Herbie Gomez .
ONE thing that President Duterte has proven to citizens of this predominantly Roman Catholic country is that lightning doesn’t really strike “blasphemers” dead — although it can at times, randomly, not due to “blasphemy” but because the luckless recipient of the abrupt electric discharge from a cloud is in the wrong place at the wrong time.
The President has shown that a man can openly mock any deity, call it “stupid” in front of the whole world, punch holes into what many people see as sacred narratives, and then get away with it without a scratch.
Another is that the influence of Catholic bishops and priests on the public is on the wane like tides ebbing away at noon. A March 2017 story by Michael French in The Atlantic cites a survey which results show that Filipino “Catholics attending church every week had fallen to 37 percent in 2013 from 64 percent in 1991.” If church attendance continued to decline at that rate since 2013, then that probably explains why the influence of Roman Catholic leaders, despite the Church remaining as one of the most trusted institutions in the country, if not the most trusted, has proven to be of no match to that of Duterte’s whose phenomenal approval ratings remained relatively high halfway through his six-year term — yes, even when he continues to badmouth the priests and bombard their beliefs to the core, and the very foundations of the Judeo-Christian faith.
One moment, Duterte questions and brings the spotlight on the improbability of the creation story in the Book of Genesis the way a skeptic does; the next, he claims to be a theist with a god endowed with common sense that is different from the deity being worshipped by the priests and whom he calls a “stupid god.” By dismissing the creation story as fiction, including “The Fall of Man,” Duterte also rejects the entire salvation narrative because the latter would have no leg to stand on without the former. In fact, he calls the crucifixion story “unimpressive” and the belief on the Trinity “silly.” Given all these, we can surmise that Duterte, although baptized as a Catholic, is someone who believes in some form of supernatural being with plenty of common sense but not the Judeo-Christian deity whose intelligence he mocks and belittles.
Yet in a number of extemporaneous speeches he delivered before Muslim Filipino crowds, I have noted Duterte’s rather respectful references to the deity in Islam whose name he has even carefully pronounced and accentuated. I find that a bit puzzling because, come to think of it, the name is merely the Arabic word for “God” referred to in the Abrahamic religions, most notably Judaism, Christianity, and Islam.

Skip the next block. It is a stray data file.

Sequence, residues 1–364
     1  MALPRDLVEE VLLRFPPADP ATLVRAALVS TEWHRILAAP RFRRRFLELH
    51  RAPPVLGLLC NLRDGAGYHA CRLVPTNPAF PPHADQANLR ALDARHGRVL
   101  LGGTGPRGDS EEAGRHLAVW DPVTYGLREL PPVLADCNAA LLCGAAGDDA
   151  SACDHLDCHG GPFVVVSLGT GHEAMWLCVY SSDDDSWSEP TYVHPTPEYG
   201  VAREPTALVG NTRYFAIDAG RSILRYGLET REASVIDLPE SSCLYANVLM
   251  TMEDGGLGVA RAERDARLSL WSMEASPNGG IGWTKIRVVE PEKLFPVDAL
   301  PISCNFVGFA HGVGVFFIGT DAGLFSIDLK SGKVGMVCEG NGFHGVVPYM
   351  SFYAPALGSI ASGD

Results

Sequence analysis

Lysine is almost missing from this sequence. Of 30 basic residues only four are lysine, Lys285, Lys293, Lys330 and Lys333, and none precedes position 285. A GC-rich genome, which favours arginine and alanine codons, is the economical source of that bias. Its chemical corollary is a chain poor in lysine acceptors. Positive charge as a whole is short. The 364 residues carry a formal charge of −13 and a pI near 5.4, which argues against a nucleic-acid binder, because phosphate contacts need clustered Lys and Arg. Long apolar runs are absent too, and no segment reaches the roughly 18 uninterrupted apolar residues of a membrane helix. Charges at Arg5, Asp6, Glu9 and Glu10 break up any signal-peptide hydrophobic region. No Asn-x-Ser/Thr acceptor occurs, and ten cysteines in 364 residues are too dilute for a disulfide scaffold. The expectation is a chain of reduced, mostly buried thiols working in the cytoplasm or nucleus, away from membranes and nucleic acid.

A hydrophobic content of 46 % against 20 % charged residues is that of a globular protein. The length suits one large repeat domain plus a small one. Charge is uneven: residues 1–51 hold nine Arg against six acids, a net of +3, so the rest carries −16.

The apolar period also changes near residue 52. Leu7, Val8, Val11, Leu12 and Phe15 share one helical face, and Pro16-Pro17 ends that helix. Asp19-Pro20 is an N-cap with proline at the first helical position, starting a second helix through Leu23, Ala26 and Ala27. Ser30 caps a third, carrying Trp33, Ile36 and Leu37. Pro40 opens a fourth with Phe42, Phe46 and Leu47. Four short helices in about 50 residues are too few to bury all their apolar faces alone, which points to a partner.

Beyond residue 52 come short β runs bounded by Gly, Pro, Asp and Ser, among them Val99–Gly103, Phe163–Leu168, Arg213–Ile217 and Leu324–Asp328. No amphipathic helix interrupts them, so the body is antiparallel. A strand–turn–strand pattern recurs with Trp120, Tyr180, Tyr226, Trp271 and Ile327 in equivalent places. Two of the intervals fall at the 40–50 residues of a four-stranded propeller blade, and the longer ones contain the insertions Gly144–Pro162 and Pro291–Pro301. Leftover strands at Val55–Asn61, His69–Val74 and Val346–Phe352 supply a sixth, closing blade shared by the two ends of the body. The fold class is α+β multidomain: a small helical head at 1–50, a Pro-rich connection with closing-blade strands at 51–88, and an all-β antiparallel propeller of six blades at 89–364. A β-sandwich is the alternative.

The President’s inconsistency aside, it can still be established that Duterte is someone who believes in the existence of a deity whom he has even credited for making him the leader of this preponderantly Catholic nation. That settles it — Duterte is a theist or someone who believes in a god. (Which one? That is unclear.)
The problem is that Duterte’s hostility towards the Judeo-Christian deity, dogma, and leaders can always be misconstrued as agnosticism or even atheism which, in this country, is wrongly associated with the occult, devil worship, immorality, lack and absence of values, and with those who have given their lives no meaning at all. In this country, people still freak out over the thought that the guy next door rejects any form of religion, superstition, ghost stories, fairy tales, and just about any assertion and claim under the sun that cannot be substantiated. Simply put, such antagonism may be misinterpreted as the absence of a belief in any deity which is not really the case with Duterte because he claims to have an intelligent god.
I only hope that the day will not come when the slaughter of thousands of Filipinos in the guise of the so-called “war on drugs,” the administration’s strong aversion toward fundamental civil liberties, and Duterte’s apparent lack of good breeding and moral values would be blamed on his rejection of the Christian narratives and deity. Come to think of it, his administration’s policies have nothing to do with belief or disbelief in the assertion that morality can only come from the supernatural. But if that happens the way the Holocaust is incorrectly being blamed on Adolf Hitler’s “atheism” (like Duterte, Hitler was a baptized Catholic — both are actually theists), that would hurt the cause of skeptics and nonbelievers who are rightly seeking and working for their place in society, and further demonize the doubting Thomases in our midst. Pastilan.